Cytokines, peptide hormones and neurotransmitters, as well as their receptors/ligands, are endogenous to the brain, endocrine and immune systems. These shared ligands and receptors are used as a common chemical language for communication within and between the immune and neuroendocrine systems. Such communication suggests an immunoregulatory role for the brain and a sensory function for the immune system. Interplay between the immune, nervous and endocrine systems is most commonly associated with the pronounced effects of stress on immunity. The hypothalamic-pituitary-adrenal (HPA) axis is the key player in stress responses; it is well established that both external and internal stressors activate the HPA axis. Cytokines are chemical messengers that stimulate the HPA axis when the body is under stress or experiencing an infection. This review discusses current knowledge of cytokine signaling pathways in neuro-immune-endocrine interactions as viewed through the triplet HPA axis. In addition, we elaborate on HPA/cytokine interactions in oxidative stress within the context of nuclear factor-kappaB transcriptional regulation and the role of oxidative markers and related gaseous transmitters.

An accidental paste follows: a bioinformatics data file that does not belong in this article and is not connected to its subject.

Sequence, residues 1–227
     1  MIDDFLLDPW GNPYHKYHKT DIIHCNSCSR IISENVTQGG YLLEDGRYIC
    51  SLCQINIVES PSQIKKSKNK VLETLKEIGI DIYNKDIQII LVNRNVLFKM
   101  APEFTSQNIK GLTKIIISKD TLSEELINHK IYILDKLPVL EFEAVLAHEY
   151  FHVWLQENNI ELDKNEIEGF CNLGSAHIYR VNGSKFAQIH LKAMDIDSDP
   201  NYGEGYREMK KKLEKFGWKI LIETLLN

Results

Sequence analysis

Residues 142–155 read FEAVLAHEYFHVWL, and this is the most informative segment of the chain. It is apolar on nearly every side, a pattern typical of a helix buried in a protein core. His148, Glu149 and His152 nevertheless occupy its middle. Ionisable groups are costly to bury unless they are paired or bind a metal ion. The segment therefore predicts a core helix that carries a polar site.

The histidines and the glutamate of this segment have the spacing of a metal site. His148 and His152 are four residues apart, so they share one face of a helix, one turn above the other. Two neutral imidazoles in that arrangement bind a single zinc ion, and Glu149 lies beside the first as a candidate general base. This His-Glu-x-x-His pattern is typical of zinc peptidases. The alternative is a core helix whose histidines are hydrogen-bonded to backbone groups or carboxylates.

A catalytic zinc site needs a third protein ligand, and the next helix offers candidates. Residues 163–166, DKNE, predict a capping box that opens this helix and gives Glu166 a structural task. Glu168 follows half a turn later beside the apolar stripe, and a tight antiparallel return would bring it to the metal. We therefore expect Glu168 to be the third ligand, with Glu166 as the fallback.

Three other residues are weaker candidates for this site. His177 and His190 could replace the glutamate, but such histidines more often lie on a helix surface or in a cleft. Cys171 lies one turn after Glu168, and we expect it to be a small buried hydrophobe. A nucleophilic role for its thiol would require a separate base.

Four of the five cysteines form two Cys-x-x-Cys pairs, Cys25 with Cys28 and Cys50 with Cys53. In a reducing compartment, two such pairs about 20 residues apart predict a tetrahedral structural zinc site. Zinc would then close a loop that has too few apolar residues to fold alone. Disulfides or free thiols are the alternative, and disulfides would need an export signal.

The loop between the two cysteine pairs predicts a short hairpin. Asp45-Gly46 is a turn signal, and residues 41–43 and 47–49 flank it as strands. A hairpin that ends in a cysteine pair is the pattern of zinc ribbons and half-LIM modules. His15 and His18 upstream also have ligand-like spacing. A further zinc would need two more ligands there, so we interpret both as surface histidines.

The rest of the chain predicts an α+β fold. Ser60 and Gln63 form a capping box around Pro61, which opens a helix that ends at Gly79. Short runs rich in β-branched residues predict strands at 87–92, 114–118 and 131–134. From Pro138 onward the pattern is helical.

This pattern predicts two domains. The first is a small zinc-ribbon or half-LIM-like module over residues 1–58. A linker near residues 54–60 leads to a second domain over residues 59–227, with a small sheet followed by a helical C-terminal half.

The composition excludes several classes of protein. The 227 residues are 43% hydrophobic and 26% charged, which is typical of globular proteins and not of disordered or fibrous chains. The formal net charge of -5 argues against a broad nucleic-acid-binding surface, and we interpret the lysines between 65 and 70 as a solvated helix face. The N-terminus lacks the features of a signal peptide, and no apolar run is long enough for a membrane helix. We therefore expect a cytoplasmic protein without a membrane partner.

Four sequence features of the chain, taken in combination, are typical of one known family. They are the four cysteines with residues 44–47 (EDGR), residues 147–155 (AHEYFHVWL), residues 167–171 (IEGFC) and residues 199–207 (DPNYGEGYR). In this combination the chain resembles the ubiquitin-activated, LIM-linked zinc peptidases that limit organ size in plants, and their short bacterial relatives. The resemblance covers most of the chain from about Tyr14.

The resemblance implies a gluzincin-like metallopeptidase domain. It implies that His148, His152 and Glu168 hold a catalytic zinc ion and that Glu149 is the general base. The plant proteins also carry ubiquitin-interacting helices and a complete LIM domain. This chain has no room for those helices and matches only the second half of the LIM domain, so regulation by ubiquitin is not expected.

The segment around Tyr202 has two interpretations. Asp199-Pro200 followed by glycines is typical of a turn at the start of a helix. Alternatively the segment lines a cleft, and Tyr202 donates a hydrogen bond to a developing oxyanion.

Haddad JJ, Saadé NE, Safieh-Garabedian B. Cytokines and neuro-immune-endocrine interactions: a role for the hypothalamic-pituitary-adrenal revolving axis. J Neuroimmunol. 2002 December Severinghaus-Radiometer Research Laboratories, Department of Anesthesia and Perioperative Care, University of California at San Francisco, School of Medicine, Medical Sciences, San Francisco, CA 94143-0542, USA.